On Travelling in Palestine
by Aaron Lakoff
February 19, 2005
--To view the photos which accompany this story, visit
Even though I love being in Palestine, I have to admit that I hate
traveling around it. The idea of movement here scares me, but movement
seems to be intimidating for most.
Take my travel yesterday as an example. I went in a taxi with five other
Palestinians from Ramallah to Balata refugee camp in Nablus. We started
the journey going through the massive Qalandya checkpoint, a permanent
fixture and now unfortunate mandatory stop for Palestinian travelers. We
then passed one flying checkpoint (non-permanent checkpoint set up by army
jeeps in the road), had our passports and id’s checked, and then pulled up
to another checkpoint five minutes later! The driver snarled with grief
as we pulled into a never-ending line of cars. A suffocating heat had
descended upon Palestine, and no one had the patience to wait as each car
was held up by a soldier for at least ten minutes. Taking no bullshit,
our driver pulled out of the line, turned around 180 degrees, and started
off for an alternate route.
Of course, this alternate route was much less desirable than the first,
and it brought us through crowded roadside villages and along bumpy,
pot-hole riddled dirt roads. No one was having a good time. The ride was
long, hot, and stressful. When we finally got to the Beit Iba checkpoint
outside of Nablus, we were exhausted and didn’t feel like putting up with
the soldiers on duty. One of them had the gall to warn us against going
to Nablus, saying, “It’s your life…make sure you’re careful.”
It’s really strange hearing that coming from a man who is the only one
holding a gun in the vicinity. Anyways, I arrived in Balata where I felt
the most safe as I had been in the last twelve hours.
It doesn’t take anyone long to realize that checkpoints have little to do
with security, but are rather part of an oppressive structure designed to
systematically demoralize the people of Palestine.
On our way back out of the Beit Iba checkpoint this morning, a young man
in front of us was stopped and pulled aside. I couldn’t hear what the
soldiers were telling him, but it was obvious by the broken look on his
face that he was not being allowed through. Feeling sympathy for this man
who looked about my age, I went to ask him what happened.
He told me, in fluent English, that he is a student at the Arab-American
University in the Jenin area. He was trying to get to school, and the
soldiers stopped him simply because he had forgotten his student id card.
I thought about how mad he seemed. I thought about how this could be me.
I thought about how the soldier who stopped him was probably the same
age or younger than he was. Maybe he hadn’t had a chance to pick up the
books before picking up the gun.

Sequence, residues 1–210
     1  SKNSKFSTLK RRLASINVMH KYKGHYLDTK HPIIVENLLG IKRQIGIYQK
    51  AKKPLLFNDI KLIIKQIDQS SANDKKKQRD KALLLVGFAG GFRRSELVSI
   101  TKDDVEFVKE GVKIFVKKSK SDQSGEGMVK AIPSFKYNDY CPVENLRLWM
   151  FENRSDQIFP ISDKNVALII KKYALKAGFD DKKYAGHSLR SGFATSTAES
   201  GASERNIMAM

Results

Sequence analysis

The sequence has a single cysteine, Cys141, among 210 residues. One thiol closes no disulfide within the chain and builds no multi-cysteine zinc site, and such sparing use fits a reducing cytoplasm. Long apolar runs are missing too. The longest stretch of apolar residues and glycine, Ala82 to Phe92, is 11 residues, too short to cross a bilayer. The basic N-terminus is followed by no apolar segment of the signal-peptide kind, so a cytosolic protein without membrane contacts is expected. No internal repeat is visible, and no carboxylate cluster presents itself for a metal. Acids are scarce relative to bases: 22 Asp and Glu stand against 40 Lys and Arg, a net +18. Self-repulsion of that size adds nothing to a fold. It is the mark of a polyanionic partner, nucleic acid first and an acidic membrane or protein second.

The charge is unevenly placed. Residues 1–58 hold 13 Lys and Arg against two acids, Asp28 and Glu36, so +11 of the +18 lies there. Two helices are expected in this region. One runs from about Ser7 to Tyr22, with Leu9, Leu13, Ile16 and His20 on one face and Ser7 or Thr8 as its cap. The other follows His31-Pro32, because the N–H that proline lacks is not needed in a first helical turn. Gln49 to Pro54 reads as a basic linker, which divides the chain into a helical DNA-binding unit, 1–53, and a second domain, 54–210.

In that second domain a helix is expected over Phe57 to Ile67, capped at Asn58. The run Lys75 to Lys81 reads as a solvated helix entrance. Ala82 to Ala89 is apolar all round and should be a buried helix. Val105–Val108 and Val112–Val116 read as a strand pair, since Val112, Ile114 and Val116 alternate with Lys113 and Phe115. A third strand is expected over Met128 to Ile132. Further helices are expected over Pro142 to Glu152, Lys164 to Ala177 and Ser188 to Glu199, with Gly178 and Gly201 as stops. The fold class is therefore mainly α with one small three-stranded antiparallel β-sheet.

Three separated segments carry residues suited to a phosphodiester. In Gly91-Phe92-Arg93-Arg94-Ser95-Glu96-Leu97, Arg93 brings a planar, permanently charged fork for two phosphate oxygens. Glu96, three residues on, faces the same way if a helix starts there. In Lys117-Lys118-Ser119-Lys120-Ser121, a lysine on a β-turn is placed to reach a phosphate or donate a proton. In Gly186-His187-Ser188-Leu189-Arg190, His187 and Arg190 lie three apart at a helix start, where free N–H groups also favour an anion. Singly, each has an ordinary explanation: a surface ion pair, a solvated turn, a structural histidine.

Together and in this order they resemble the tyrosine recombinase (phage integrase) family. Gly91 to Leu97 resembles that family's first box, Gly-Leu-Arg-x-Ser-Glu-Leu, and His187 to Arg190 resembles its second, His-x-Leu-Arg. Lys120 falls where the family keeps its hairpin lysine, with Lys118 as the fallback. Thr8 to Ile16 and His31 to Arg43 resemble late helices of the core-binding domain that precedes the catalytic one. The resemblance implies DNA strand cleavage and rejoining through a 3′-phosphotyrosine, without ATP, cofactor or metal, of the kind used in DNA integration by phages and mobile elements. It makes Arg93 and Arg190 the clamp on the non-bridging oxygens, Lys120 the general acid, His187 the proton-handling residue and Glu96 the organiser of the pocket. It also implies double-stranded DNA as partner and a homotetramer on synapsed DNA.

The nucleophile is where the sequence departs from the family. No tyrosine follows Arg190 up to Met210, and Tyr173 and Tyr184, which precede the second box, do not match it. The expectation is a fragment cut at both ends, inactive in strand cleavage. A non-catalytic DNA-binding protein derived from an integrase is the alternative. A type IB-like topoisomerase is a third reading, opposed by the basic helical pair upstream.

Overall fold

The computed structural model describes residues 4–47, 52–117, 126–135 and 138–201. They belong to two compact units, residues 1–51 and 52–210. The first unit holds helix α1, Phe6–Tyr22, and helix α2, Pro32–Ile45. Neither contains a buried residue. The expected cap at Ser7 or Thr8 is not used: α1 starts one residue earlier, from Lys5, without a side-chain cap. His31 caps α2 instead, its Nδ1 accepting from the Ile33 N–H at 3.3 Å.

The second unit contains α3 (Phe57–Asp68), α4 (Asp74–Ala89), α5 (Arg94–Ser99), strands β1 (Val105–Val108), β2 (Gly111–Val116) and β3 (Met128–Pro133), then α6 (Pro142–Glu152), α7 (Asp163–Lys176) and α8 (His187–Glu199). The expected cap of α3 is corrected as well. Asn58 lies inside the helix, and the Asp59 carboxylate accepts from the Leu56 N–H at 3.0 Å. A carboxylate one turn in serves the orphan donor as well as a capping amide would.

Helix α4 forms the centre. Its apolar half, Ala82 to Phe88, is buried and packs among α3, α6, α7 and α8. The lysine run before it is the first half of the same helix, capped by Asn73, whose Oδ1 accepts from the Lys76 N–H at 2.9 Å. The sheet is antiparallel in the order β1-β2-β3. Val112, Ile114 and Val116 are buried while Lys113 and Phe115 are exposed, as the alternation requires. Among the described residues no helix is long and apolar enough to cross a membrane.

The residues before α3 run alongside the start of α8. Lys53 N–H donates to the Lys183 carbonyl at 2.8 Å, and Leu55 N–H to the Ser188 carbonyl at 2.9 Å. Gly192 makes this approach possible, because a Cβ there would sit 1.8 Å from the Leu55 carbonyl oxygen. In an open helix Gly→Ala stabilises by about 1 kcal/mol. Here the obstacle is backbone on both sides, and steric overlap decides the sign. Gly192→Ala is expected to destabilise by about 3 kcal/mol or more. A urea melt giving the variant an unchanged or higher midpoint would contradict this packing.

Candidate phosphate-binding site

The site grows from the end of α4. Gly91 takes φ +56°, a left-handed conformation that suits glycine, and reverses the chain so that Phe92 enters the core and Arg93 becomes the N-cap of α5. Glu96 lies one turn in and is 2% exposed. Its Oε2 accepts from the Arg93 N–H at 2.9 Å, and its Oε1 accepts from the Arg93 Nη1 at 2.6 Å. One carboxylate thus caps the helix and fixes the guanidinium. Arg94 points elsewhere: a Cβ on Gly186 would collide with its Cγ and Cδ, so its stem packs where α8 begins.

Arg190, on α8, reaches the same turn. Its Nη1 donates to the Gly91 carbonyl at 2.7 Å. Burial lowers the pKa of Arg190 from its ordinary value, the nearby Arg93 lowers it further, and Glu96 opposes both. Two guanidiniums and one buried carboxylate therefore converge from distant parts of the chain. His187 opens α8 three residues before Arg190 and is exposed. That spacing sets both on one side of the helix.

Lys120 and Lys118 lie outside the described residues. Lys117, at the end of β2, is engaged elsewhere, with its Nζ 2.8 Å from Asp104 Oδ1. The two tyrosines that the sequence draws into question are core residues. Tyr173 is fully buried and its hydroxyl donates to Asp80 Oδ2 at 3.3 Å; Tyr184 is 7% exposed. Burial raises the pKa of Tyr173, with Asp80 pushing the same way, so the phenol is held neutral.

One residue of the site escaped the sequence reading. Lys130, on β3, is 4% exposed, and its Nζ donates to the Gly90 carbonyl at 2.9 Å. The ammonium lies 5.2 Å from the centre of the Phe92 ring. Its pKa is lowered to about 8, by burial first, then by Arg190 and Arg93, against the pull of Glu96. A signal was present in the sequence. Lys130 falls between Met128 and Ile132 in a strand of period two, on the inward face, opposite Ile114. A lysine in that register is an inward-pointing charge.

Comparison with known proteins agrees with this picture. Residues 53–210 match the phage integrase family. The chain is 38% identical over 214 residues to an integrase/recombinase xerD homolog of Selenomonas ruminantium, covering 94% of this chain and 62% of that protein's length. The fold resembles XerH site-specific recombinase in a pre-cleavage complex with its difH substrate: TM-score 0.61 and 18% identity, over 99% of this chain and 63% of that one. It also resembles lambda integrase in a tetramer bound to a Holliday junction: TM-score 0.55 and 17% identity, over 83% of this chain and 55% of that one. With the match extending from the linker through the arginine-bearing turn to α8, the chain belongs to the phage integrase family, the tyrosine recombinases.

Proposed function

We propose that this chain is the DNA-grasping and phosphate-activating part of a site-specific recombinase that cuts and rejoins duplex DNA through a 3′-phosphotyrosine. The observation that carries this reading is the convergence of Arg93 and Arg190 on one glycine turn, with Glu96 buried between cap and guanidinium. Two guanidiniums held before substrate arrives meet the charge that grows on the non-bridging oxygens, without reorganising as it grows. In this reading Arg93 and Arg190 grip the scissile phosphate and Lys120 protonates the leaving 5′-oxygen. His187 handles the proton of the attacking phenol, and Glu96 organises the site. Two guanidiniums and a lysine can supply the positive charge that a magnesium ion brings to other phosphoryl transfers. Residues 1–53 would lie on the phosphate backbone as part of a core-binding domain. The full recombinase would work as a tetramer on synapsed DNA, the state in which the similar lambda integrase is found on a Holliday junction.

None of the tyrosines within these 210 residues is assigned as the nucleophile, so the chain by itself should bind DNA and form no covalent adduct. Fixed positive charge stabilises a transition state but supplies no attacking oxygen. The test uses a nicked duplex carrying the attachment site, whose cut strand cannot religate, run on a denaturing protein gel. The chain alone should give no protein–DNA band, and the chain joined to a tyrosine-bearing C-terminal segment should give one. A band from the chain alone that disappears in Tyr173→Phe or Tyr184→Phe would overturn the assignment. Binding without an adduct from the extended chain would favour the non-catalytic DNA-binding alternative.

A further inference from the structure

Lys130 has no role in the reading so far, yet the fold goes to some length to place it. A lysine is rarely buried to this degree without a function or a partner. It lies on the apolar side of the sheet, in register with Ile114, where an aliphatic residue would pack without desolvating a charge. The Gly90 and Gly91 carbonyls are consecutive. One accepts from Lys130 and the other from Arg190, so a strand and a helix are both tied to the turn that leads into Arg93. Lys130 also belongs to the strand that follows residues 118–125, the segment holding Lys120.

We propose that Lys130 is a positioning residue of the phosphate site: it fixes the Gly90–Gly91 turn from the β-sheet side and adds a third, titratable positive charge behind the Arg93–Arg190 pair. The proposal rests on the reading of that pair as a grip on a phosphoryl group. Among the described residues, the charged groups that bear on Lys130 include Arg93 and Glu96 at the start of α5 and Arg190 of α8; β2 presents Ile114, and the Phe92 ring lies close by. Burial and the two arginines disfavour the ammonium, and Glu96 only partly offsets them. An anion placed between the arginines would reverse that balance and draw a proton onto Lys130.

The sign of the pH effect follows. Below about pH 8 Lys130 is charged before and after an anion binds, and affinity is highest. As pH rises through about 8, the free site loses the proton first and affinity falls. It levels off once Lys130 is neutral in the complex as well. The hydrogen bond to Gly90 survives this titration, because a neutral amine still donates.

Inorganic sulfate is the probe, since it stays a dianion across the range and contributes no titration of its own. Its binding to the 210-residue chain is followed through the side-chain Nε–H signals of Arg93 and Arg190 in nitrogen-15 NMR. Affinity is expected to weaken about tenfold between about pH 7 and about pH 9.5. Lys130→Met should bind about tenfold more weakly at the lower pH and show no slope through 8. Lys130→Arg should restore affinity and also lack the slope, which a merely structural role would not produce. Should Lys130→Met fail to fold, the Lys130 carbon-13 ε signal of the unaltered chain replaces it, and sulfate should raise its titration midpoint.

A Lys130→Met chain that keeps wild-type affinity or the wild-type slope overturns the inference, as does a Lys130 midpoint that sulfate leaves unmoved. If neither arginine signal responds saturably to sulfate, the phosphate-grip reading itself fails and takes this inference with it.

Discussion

Just last Thursday, the Israeli Occupation Forces announced that they
would halt their policy of punitive home demolitions. They had found that
these home demolitions had probably made more enemies for Israel than they
had stopped. This is really amazing deductive logic at work here. Good
for them. Three enthusiastic cheers. But now I wonder how they have come
to this conclusion about home demolitions and not about checkpoints.
If I were stopped by a foreign occupying power every day outside my own
town, and forced to prove not only my own identity, but also where I lived
and where I was going, I would certainly come to hate my occupier. I
think it is the only natural reaction.
Later on in the morning, we were on our way to a demonstration in the
village of Kafer Qadum. After the outbreak of the second Intifada, the
army put up a metal gate to block access to Qadum’s only main road.
Settlers from nearby Kadumim are now the only ones allowed to use it.
Qadum’s residents have been forced to construct a shabby dirt road to lead
into their village. Most cars can’t go more than 20 km/h on it, and we
saw some milk trucks struggling pretty hard to make the turns. The school
teachers have to ride to work on tractors. Villagers can barely come in
or out. Qadum has been turned into a ghetto.
However, unwilling to back down, and fed up by isolation, Qadum held a
demonstration today. Under the banner “Free our only road”, hundreds of
women, men, children, Israeli anarchists, international activists, and
even doctors and nurses marched towards the gate in open resistance.
Again, we were met by a line of soldiers with M-16s – a clear symbol that
Qadum’s ghettoization will be enforced by any means necessary. As the
grotesque and illegal settlement of Kadumim loomed above them, it became
evident why the army was really there.
It’s sad, but Israel is good at what it does. Under a curtain of
“protecting national security”, it has managed to implement a much more
shocking and much less politically-correct project; the gradual
colonization of Palestinian lands.
One Palestinian woman at the demonstration put it best. She said that her
family had been using Qadum’s roads for generations, and Kadumim had only
been there for 30 years. Now the occupation forces are there ensuring
that the settlers are the only ones to use it.
Traveling anywhere in Palestine can be a nightmare. Perhaps one day
Palestinians will just give up and stay put in their homes, and I’m afraid
that no one in the Israeli government would shed a tear.